When I worked for Pacific Standard, which had the dubious distinction of being the largest life insurance insolvency of the 1980s, I had few investment-related tasks. Investments were handled by the overly aggressive parent company Southmark, which gave little attention to risk.
But I knew things weren’t going well, and so I interviewed widely, finally landing two job offers with Midland National and AIG. I chose the spot with AIG, because they led me to believe I would work on the international side. When I arrived, lo, I had a job on the domestic side. As far as the job went, had I known I would be placed on the domestic side, I would have rather gone to Midland National. They thought I had real leadership potential — whether true or not, that’s what I was told, and I would not have minded living in South Dakota, or nearby. As it was, there were many good things that happen to me as a result of living in-between Wilmington, Delaware, and Philadelphia, living on the PA side of the line for reasons of adoption and homeschooling.
When I got to AIG, there was one main thing that involved my risk management skills. AIG parent wanted growth in GAAP earnings. They wanted to see a 15% ROE, which few in the life industry were attaining. In order to do that, they entered into reinsurance treaties (before I arrived). These would lever up the balance sheets of the subsidiary companies, without incurring debt. Most of them passed risk to the reinsurers, one did not.
So, when I was called into an examination by the Delaware State Insurance Department auditor over the one treaty that did not pass risk, he said to me, “You know this treaty does not pass risk.” I replied, “Under ordinary circumstances, I would agree, but the reinsurer has taken a significant loss from this treaty.” He said, “What do you mean?” I replied that when Congress passed the DAC tax, the reinsurer suffered the loss — they paid up front, and we pay over time, with zero interest.
He looked at me and said that reinsurance treaties did not exist to cover tax policy, and that the treaty was a sham. I just shrugged. I was not the creator of the treaty, and would not have done it if I had been at AIG two years earlier.
But the there were the two larger treaties that passed risk with a vengeance to a large reinsurer [LR] who is no longer a reinsurer (if anyone wrote treaties like these, he might not be a reinsurer anymore either). In one sense, the treaties were structured like the trading requirements in CDOs. If you must trade:
- Get more income
- Don’t give up rating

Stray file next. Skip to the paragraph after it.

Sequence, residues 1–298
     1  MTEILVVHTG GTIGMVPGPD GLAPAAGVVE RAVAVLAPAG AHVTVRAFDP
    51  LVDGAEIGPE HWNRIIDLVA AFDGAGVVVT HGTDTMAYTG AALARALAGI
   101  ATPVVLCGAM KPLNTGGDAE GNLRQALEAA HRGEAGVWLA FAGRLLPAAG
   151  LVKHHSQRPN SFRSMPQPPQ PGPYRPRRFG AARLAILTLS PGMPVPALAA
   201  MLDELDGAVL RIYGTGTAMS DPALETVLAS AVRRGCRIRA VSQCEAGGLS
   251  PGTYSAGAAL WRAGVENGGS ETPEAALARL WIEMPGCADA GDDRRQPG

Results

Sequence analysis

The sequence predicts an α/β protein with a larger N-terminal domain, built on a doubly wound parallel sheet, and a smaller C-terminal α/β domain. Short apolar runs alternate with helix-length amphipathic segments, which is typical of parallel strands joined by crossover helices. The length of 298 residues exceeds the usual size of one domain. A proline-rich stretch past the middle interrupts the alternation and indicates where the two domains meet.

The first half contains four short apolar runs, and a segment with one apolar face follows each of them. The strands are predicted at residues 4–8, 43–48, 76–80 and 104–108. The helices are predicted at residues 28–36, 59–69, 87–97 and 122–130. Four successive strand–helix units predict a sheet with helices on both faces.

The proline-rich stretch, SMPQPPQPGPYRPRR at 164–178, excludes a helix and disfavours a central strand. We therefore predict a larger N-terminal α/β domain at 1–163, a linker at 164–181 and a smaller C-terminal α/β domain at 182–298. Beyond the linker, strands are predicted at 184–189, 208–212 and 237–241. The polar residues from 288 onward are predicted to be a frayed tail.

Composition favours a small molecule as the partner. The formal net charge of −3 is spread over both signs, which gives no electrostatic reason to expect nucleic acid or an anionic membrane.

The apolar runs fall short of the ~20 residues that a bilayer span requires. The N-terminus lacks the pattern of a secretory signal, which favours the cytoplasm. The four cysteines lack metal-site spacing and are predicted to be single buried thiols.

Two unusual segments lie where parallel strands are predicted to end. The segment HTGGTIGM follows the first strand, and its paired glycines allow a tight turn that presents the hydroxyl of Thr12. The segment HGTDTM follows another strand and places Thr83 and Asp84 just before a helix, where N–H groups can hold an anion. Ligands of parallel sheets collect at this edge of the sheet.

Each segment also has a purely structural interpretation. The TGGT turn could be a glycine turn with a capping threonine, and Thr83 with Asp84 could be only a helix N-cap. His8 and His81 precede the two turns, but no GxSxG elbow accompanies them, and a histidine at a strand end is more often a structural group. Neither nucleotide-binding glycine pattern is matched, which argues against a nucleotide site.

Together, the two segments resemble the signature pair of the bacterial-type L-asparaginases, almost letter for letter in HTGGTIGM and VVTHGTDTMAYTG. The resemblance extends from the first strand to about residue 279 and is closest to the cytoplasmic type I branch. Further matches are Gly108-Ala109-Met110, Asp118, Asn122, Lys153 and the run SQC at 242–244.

- Don’t extend maturity
- And a few more smaller things.
I was not there when the treaties were created. Had I been there, I would have paid a lot more attention to them, and instructed the investment department to set up segregated portfolios, which was not done. As it was, bonds that underlay the treaty were casually sold as if free to do so.
Now I arrive on the scene. After reading the treaties, and looking at the data, I conclude that the treaties have been abused on our side. I suggested to LR that I go through the history, and reallocate bonds that would have fulfilled the treaties strictures, an re-work the accounting so that the terms of the treaty would be fulfilled. Initially LR agreed to this.
The treaty passed all investment risk to the reinsurer, so defaults would hit them. What was worse, the liabilities underlying the treaty were structured settlements. (Structured settlements result from a court case where someone is injured. The defendant offers to buy from a reputable life insurer an annuity that will make the requisite payments. Low bid wins, and if the plaintiff is badly injured, the cost goes down for payments that terminate at death. That’s where most of the bad estimates com in.) In those days, structured settlements were a “winner’s curse.” If you won, it was because you mis-bid. AIG Domestic Life Companies regularly overbid for their business (as did most of the industry). LR did not do enough due diligence to see the underwriting errors.
I did a mortality study to estimate how badly we needed to increase reserves, and lo, it was more than $100 million, all of which would flow to LR. LR decided to sue. After I had gone on to Provident Mutual, AIG settled with LR. Our missteps with the assets made the case tough, and the reinsurance treaty was rescinded. That should have been enough to jolt AIG’s earnings for a quarter, but it did not. Funny that, and it always left me a little suspicious of AIG. (And LR.)
Before I left AIG, I had clipped the wings of the underwriters of the structured settlements so that they could not write on cases for the most severely disabled. I also shut down a tiny line of variable annuities that was losing money left and right to an outsourcer who had a sweet contract from a prior management team, but upon leaving AIG I did not feel that great, because I had not built anything — most of my time had been spent trying to limit losses from prior bad underwriting and planning. It wasn’t fun, and I loved my next company more because I got to build.
PS – a prior note on AIG.